He made his point as it emerged that Irish banks may need a further €50 billion of capital.
In a hard-hitting speech yesterday the former finance minister also said the eurozone must quickly replace funding the European Central Bank provides to Irish banks to ensure they do not bring the entire system down.
He pointed out in a presentation at UCC yesterday to the Association of Compliance Officers in Ireland and the Financial Services Innovation Centre that Irish banks are unable to raise €50bn capital from the markets and the necessary capital must therefore come from Government, EU, International Monetary Fund or other external sources.
“Construction of a clean banking core is a short-term imperative. Without it the leaching of deposits from the banking system will continue.
“Without it, prudent access to diversified term funding from international markets cannot be restored. As a result, it will be even more difficult to restore the lending capacity necessary to support economic recovery,” he said.
The Government has already pumped €46bn into the banks and can tap €35bn of extra capital under a bailout agreed last year with the IMF and European Union. The bailout provides for an initial €10bn in capital to be available to the banks, with another €25bn if needed.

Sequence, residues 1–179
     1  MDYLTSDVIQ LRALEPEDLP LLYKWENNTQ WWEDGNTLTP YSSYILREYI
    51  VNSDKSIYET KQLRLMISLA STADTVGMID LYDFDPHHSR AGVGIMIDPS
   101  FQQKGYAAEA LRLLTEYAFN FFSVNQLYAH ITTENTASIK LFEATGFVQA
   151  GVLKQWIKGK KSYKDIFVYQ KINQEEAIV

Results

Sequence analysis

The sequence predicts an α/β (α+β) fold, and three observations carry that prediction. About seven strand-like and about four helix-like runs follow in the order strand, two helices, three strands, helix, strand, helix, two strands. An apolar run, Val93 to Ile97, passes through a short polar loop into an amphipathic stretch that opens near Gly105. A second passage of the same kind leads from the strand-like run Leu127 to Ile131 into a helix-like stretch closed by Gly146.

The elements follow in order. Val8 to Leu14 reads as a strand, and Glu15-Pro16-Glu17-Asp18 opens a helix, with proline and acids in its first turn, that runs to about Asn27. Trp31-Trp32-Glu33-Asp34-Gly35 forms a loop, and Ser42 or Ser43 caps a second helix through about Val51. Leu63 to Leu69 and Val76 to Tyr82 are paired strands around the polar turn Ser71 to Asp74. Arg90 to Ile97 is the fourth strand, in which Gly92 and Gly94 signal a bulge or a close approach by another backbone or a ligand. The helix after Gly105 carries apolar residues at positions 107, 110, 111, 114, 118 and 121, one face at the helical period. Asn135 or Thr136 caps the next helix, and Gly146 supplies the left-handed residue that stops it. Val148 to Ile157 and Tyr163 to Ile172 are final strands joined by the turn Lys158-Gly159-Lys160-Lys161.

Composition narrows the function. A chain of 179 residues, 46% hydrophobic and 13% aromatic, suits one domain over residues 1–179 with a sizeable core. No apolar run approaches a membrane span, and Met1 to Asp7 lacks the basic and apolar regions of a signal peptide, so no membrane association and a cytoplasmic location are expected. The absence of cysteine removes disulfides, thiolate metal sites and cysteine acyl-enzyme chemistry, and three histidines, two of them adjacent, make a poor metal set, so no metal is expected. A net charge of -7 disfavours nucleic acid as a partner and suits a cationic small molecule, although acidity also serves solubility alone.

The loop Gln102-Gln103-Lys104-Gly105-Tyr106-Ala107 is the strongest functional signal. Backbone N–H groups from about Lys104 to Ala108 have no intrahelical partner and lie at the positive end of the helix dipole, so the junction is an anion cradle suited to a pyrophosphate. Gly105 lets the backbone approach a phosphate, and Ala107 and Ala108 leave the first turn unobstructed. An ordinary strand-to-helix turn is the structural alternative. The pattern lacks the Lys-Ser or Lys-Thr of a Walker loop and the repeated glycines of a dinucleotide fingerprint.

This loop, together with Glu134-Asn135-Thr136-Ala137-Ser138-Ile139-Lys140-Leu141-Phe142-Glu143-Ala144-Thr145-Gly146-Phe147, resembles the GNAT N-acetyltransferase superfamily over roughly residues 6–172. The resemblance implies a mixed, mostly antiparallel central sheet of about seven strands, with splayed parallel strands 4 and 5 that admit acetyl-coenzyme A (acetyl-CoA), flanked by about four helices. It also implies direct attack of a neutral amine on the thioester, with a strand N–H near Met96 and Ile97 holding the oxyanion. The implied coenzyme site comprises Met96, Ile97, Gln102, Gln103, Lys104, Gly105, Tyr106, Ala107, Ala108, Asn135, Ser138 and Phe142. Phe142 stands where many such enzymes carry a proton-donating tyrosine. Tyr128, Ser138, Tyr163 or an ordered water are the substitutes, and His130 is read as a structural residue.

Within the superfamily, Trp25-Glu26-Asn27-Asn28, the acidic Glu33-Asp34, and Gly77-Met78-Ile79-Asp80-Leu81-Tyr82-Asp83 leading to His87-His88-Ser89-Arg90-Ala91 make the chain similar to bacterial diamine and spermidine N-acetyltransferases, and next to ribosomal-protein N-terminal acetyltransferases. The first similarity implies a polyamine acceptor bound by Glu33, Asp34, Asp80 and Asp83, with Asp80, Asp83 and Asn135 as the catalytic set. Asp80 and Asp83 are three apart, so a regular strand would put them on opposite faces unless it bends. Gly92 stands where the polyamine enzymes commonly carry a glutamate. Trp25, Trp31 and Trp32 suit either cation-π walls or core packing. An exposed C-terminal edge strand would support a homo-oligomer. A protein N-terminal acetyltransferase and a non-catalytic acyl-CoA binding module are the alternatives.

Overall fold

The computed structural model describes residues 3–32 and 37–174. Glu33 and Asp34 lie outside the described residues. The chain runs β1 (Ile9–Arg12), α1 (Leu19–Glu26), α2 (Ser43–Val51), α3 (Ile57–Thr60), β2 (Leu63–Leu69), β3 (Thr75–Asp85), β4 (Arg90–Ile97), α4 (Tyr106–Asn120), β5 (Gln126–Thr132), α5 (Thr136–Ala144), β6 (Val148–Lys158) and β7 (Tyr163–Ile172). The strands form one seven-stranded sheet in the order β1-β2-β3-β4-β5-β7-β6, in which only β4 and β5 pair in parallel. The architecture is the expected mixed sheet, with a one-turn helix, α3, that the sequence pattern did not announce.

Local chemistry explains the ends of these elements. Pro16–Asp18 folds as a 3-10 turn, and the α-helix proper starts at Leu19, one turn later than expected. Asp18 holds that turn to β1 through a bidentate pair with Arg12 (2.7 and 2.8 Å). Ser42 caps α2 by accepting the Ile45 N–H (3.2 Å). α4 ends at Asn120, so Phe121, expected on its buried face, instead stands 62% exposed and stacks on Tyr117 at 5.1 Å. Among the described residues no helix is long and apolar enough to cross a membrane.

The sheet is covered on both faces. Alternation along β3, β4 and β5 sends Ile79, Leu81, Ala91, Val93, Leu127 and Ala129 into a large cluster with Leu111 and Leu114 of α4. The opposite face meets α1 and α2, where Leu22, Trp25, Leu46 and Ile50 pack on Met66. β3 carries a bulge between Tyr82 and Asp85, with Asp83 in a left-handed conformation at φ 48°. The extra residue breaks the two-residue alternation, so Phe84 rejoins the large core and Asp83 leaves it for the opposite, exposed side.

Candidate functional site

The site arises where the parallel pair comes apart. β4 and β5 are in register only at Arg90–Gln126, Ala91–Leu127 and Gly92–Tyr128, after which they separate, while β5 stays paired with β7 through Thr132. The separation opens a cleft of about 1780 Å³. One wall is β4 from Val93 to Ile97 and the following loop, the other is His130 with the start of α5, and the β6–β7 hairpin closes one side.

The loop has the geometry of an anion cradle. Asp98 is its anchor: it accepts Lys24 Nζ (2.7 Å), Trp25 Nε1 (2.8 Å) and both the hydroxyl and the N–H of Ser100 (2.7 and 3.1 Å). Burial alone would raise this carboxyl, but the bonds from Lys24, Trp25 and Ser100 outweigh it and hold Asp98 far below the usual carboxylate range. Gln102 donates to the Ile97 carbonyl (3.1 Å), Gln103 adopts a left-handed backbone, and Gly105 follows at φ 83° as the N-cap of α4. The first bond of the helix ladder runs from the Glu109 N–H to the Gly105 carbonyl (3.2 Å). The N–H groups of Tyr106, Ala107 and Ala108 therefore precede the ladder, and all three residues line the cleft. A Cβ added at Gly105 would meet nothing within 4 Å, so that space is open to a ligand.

Mr Dukes’s comments won’t be welcomed by Irish Central Bank governor Patrick Honohan who said last month that he would be “disappointed and surprised” if the entire €35bn was needed.
Mr Dukes said Irish banks’ dependence on the ECB has grown “massively” in recent months, with lenders’ funding support from the ECB up by 50% in the second half of 2010.
That reliance eased slightly to €132bn at the end of December compared with €136bn a month earlier, but the Irish Central Bank also increased its special funding to €51.1bn, a €6.4bn rise.
“It (the ECB) is performing a role for which it was not designed and for which it is arguably ill-equipped. To a very significant extent, the ECB is taking the place of capital markets,” Mr Dukes said.
“The eurozone must provide, in the immediate future, the supports that are needed to ensure that the Irish financial and banking crisis does not bring down the entire system,” he added.
Mr Dukes said “we should ... start by recognising the inescapable fact that there is no costless way out, either for the Eurozone as a whole or for its individual member states.”